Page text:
What Works in International Security and Justice Programming?
This preliminary scoping study was commissioned by the Department for International Development (DFID), with the aim of considering the security and justice sector reform efforts of 19 of the main Organisation for Economic Co-operation and Development – Development Assistance Council (OECD-DAC) donors. It focuses on the efforts of each nation’s foreign affairs, development, defence, and justice agencies, and provides an initial assessment of how policy and programming are linked, what evidence of good practice has been collected, and what knowledge and programming gaps exist currently.
Executive Summary: Stocktaking of Security Sector Roles in Climate and Environmental Security: Report on the occupied Palestinian Territory
The occupied Palestinian Territory is facing a range of climate and environmental risks which directly affect human security. From rising temperatures and increasing aridity to water scarcity and widespread pollution,the combined effects of climate change and human pressures on the environment are contributing to local tensions and increasing the fragility of both communities and local ecosystems in the West Bank, which was the geographic focus of this study. This is an executive summary of the full report.
What Works: Maximising the Internal Security Benefits of International Police Missions
In a changing strategic environment characterized by a trend towards the militarization of security, several countries are keeping their commitment to civilian crisis management and to multilateral police missions in particular. At the European Union (EU) level for example, the 2022 EU Strategic Compass for Security and Defence emphasizes the EU-wide commitment to strengthen
civilian Common Security and Defence Policy (CSDP) missions and to renew the civilian CSDP Compact.
While demand for officers to participate in missions is rapidly growing, the supply of available officers has stagnated or even declined. Several studies have demonstrated that one of the reasons is that police institutions do not yet fully recognize the internal-external security nexus and fail to fully maximize the benefits of seconding staff to international missions.
The governments of France and the Netherlands have commissioned this study to contribute to the sharing of good practices and experiences, and to initiate further discussions between interested countries.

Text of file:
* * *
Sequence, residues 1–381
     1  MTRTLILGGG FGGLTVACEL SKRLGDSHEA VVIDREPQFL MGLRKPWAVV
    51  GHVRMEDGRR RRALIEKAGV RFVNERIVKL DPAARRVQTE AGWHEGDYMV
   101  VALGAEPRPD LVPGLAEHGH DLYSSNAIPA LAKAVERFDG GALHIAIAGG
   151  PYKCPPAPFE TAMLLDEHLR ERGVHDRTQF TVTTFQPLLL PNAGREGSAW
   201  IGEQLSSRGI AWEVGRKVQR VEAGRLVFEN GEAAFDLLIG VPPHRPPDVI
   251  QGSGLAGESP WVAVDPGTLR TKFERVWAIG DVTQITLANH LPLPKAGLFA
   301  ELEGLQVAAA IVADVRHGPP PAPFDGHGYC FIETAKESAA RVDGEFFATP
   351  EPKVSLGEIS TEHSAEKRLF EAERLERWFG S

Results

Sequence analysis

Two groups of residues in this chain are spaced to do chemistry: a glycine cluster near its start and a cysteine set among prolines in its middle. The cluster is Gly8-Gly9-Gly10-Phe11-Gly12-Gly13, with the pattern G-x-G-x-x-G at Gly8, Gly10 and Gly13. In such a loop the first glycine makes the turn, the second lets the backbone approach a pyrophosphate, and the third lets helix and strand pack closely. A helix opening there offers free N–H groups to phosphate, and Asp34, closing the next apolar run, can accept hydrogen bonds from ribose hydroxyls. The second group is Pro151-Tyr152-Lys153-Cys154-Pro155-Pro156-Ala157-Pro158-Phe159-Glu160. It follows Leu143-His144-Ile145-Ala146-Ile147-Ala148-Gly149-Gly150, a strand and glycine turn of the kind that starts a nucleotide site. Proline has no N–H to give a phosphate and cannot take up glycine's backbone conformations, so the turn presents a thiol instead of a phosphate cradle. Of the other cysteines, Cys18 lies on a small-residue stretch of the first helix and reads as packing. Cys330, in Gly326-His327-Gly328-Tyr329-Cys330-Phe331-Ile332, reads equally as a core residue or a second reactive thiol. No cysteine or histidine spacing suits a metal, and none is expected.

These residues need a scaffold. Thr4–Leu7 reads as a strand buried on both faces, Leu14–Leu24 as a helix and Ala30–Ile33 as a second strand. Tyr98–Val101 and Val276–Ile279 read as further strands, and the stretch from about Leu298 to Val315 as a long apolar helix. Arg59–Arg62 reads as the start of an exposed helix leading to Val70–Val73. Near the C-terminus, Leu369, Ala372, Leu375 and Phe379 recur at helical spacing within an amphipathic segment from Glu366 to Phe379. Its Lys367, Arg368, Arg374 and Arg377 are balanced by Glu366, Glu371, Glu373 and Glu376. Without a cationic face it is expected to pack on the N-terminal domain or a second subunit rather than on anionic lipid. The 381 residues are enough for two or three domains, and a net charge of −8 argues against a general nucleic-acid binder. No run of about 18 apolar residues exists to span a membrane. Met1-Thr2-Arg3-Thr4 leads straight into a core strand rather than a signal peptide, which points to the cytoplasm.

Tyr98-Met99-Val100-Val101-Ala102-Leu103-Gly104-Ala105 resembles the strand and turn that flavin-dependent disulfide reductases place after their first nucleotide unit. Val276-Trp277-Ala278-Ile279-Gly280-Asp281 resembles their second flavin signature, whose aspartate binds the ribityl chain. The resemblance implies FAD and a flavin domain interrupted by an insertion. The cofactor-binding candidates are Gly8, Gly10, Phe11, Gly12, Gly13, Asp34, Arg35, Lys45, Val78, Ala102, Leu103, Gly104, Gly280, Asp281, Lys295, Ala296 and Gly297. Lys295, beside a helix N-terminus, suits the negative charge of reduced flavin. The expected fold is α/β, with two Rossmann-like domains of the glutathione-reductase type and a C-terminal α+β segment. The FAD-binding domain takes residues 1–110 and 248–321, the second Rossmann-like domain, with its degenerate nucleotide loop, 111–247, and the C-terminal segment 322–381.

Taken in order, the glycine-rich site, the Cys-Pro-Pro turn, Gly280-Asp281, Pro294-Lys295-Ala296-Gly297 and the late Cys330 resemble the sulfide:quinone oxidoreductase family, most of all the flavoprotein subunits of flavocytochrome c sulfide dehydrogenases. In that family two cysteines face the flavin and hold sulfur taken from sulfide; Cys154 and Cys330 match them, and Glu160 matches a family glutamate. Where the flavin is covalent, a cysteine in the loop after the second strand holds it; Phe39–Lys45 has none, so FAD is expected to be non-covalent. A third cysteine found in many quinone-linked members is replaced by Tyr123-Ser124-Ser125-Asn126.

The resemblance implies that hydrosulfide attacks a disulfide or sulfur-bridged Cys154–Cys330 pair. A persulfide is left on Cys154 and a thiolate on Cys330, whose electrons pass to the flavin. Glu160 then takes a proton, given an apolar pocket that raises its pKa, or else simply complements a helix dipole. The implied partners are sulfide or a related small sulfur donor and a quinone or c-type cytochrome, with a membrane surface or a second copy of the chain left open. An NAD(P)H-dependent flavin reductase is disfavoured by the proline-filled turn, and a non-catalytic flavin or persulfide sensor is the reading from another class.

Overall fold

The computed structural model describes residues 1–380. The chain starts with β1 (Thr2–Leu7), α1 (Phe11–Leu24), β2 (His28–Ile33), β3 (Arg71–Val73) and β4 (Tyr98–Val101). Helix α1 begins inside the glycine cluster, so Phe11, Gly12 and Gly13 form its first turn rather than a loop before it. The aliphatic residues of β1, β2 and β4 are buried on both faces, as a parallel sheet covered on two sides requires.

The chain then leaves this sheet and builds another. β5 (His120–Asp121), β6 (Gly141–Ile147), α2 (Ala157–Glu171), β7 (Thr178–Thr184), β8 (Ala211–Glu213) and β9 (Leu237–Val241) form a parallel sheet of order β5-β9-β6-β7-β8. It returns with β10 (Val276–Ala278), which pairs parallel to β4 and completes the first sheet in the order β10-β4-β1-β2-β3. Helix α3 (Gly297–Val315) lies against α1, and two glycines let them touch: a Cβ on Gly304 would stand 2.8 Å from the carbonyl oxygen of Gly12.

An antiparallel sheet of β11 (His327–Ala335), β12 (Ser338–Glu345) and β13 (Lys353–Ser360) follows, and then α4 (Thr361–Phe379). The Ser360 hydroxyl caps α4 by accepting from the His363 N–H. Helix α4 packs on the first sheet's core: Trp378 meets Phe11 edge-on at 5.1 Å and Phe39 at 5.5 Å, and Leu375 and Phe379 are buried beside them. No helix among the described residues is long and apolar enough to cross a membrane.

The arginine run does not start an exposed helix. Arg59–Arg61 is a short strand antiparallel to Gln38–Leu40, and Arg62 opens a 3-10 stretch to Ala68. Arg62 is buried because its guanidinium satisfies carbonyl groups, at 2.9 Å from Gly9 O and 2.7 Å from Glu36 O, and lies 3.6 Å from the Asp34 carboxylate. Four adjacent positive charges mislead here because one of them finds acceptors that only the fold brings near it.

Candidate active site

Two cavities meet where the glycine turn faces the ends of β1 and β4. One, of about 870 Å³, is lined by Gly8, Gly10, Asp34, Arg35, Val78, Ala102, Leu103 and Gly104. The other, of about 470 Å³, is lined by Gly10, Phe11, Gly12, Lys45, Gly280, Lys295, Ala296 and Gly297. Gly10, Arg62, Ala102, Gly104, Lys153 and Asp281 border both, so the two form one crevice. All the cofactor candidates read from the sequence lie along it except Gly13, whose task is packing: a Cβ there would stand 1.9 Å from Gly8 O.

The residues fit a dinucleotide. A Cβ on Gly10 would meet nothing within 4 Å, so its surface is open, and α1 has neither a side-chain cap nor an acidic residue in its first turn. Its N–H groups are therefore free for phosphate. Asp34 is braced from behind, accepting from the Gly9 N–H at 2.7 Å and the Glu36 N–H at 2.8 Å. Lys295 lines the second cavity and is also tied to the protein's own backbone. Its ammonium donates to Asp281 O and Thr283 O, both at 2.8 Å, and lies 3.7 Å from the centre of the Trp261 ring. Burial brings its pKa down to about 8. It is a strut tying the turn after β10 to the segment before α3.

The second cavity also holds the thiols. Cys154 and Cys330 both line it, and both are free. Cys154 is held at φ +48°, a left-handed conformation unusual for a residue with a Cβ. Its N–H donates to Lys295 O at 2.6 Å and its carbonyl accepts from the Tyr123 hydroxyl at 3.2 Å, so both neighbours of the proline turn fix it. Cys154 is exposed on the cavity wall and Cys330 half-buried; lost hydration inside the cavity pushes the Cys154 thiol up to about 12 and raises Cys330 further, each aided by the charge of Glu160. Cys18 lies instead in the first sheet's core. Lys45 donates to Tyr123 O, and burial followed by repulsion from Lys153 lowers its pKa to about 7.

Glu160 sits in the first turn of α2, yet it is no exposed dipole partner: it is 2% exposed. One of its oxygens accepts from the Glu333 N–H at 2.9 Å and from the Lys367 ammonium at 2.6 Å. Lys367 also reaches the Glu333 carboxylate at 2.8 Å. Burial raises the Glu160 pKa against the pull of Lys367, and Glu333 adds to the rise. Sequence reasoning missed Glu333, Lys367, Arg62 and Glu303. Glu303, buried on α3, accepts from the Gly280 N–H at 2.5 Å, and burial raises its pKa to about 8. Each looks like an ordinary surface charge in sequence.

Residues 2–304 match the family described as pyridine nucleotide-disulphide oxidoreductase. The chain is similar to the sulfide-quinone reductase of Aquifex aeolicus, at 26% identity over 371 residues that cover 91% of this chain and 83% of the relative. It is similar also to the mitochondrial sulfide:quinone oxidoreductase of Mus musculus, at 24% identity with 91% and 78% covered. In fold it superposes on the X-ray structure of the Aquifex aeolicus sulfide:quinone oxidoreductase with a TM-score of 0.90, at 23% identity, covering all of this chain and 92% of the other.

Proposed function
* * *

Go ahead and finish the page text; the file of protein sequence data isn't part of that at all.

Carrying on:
This report presents a range of good practices employed by states to maximize the benefits of mission participation to police institutions and serve internal security objectives when making officers available. It also aims to inform discussions around ongoing efforts to develop the roadmap towards the Civilian Compact 2.0 by EU Member States (EUMS).
Stocktaking of Security Sector Roles in Climate and Environmental Security: Report on the occupied Palestinian Territory
The occupied Palestinian Territory is facing a range of climate and environmental risks which directly affect human security. From rising temperatures and increasing aridity to water scarcity and widespread pollution,the combined effects of climate change and human pressures on the environment are contributing to local tensions and increasing the fragility of both communities and local ecosystems in the West Bank, which was the geographic focus of this study.
ISSAT's this stocktaking study has found significant potential for SSG/R programming to improve service delivery of security institutions with regards to mitigating the impact of climate and environmental risks on communities and the environment, as well as strengthening social cohesion and contributing to sustainable peace. While international partners in their SSG/R programming tend to not yet fully maximize the potential of this area, findings place SSG/R’s role on climate and environmental security at the heart of the triple nexus between humanitarian needs, development and security. Moreover, working at this nexus is relevant in the context of the sustaining peace and prevention agenda, commitments to mainstream DRR into all sectors under the Sendai Framework, as well as the Paris Agreement’s Global Goal on Adaptation
Final report of the European Association of Peace Operations Training Centres (EAPTC) annual meeting 2014
The annual meeting of the European Association of Peace Operations Training Centres (EAPTC) was organised by the Swiss Federal Department of Foreign Affairs (FDFA) and the International Security Sector Advisory Team of the Geneva Centre for the Democratic Control of Armed Forces (DCAF/ISSAT) from 12-13 March 2014, in Stans, Switzerland. The meeting brought together over 40 participants from various European training institutions.